For people living with type 1 diabetes (T1D), external doses of insulin save their lives—every day. Yet keeping blood-sugar levels within a healthy range remains a daily challenge, putting them at risk of both short- and long-term complications. JDRF is committed to making the management of T1D much better and safer through research and clinical trials to develop new therapies that can help keep your blood-sugar levels in range, reduce insulin dosage, and decrease complications that come from the disease.
One very common long-term complication of T1D is diabetic retinopathy. Diabetic retinopathy (DR) occurs when the blood vessels at the back of the eye (the retina) are damaged. If left undiagnosed and untreated, DR can lead to visual problems and even blindness. The retina is the part of the eye that senses light. It sends electrical signals to the brain to interpret what is seen and creates an image. People with DR may have a loss of central vision, blurred vision, or other visual disturbances (floaters or black spots).
The majority of people with DR are of working age (18 to 65 years). As such, approved treatments that have minimal side effects and do not have a big impact on daily activities are highly desirable. The current standard of care involves injections into the eye once patients develop severe disease and/or experience vision loss. The DR:EAM Study is looking at a less invasive approach with an eye drop that can be used at an earlier stage of DR. This is a multi-site study, including participating sites in Portland, Spokane and Seattle.
In the DR:EAM Study, the use of an investigational topical eye drop will be assessed in men and women with type 1 or 2 diabetes mellitus who also have DR and who have not received any previous treatment for their DR.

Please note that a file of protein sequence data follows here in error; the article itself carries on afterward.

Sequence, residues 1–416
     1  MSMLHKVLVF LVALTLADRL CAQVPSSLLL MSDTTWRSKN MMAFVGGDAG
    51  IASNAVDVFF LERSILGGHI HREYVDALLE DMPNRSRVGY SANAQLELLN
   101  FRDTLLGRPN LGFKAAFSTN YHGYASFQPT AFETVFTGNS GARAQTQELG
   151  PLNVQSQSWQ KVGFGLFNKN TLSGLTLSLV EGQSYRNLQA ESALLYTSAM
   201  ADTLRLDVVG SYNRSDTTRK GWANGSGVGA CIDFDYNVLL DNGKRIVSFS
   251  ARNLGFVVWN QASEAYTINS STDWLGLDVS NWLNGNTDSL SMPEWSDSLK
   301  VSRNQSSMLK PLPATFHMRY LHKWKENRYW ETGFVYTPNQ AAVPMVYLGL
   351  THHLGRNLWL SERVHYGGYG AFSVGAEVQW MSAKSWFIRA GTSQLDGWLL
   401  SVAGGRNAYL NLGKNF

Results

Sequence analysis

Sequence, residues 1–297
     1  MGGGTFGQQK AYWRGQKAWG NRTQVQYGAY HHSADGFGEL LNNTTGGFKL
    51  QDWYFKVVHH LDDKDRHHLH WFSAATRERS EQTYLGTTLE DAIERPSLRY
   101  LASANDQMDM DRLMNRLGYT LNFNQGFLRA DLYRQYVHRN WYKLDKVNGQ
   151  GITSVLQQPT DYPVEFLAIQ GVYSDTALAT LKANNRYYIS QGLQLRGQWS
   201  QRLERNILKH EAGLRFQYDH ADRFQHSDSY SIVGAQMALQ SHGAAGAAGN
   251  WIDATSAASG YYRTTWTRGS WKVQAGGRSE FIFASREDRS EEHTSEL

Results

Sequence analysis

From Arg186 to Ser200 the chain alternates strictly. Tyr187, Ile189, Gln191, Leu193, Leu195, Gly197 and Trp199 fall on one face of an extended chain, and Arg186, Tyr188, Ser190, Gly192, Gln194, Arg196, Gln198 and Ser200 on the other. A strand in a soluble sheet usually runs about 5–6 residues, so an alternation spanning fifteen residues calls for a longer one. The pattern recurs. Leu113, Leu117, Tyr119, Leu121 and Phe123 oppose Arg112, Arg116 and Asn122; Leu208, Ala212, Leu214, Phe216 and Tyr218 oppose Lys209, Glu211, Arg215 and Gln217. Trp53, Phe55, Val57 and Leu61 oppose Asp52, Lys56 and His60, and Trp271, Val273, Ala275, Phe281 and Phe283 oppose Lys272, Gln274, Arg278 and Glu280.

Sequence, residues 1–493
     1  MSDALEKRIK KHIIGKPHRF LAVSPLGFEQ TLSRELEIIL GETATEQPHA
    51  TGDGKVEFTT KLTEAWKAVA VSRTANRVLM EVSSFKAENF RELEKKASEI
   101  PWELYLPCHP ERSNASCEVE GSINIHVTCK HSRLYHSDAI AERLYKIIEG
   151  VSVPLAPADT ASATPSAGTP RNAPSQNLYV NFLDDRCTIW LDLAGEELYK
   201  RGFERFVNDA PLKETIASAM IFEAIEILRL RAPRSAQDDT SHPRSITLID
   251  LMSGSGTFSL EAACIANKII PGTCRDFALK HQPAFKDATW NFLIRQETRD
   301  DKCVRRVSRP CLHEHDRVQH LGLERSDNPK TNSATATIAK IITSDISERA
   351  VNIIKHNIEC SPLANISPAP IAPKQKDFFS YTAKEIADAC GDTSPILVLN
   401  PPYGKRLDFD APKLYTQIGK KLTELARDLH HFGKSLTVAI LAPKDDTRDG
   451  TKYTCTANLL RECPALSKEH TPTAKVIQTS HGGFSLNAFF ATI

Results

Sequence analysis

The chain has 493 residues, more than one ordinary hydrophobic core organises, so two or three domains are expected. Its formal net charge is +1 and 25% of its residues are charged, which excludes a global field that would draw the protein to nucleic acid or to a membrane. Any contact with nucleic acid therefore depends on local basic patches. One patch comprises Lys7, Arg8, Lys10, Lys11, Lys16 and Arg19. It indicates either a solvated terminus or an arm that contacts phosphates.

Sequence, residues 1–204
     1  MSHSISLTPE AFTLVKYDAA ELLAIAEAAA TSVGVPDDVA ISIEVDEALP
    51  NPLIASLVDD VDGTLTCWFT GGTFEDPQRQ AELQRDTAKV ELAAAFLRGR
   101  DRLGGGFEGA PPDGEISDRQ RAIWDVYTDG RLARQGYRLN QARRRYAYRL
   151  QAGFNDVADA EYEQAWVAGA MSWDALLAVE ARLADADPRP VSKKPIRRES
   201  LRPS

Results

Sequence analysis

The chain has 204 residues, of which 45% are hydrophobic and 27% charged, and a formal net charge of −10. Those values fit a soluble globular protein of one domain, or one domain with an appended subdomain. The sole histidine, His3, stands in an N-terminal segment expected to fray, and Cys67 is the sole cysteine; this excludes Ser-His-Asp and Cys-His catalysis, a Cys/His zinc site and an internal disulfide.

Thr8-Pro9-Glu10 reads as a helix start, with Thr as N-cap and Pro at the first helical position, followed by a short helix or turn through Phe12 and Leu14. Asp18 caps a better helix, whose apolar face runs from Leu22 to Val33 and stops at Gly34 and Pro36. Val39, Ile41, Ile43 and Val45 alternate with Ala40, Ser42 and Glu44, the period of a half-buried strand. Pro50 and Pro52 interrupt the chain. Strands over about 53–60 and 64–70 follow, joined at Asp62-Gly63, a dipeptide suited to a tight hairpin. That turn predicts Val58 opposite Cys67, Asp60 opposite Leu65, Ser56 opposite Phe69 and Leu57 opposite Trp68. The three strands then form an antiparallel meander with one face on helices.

Around 210 men and women in the United States are expected to take part in the DR:EAM Study.
To take part in the DR:EAM Study, you must:
- be 18 years of age or older
- have been diagnosed with type 1 or 2 diabetes mellitus
- have DR
- not have received previous treatment for DR
The Investigational Drug
The investigational drug is called OTT166. It is described as investigational because it has not been approved to be prescribed by doctors and other medical professionals for DR and is still being researched in clinical studies like this one. In the DR:EAM Study, participants will be asked to self-administer a single eye drop of the study drug (OTT166 or matching control) every day, two or four times a day, for 24 weeks. The control looks like OTT166 but contains no active drug.
The DR:EAM Study is made up of the following periods:
- Up to 3 weeks before the study starts, you will be invited to the study center to have some tests to check you are able to join the study
Study Treatment Period (24 weeks)
- You will be asked to self-administer the allocated study drug every day at the prescribed frequency
- You will be required to visit the study center around once a month (8 visits total) to have tests/assessments. These may include:
- Eye exams
- A physical examination
- Checking of your vital signs (blood pressure and heartbeat)
- Taking samples of your blood and urine
If you would like to learn more about the DR:EAM Study, please contact:
- Site: OHSU Casey Eye Institute
- Contact: Ann Lundquist (Study Coordinator), firstname.lastname@example.org, 503-494-6364
- Site: Spokane Eye Clinical Research
- Contact: Dylan Waidelich (Director of Clinical Research), email@example.com, 509-623-9768
- Site: Northwest Eye Surgeons at Seattle Northgate Clinic
- Contact: Hannah Seo (Clinical Research Director), 206-528-6000 x3815, online submission form at nweyes.com/clinical-trials under “Retina”
Contacting a site does not mean that you must join the study or that you will be able to participate. The participating sites will be happy to provide you with the information you need to make an informed decision.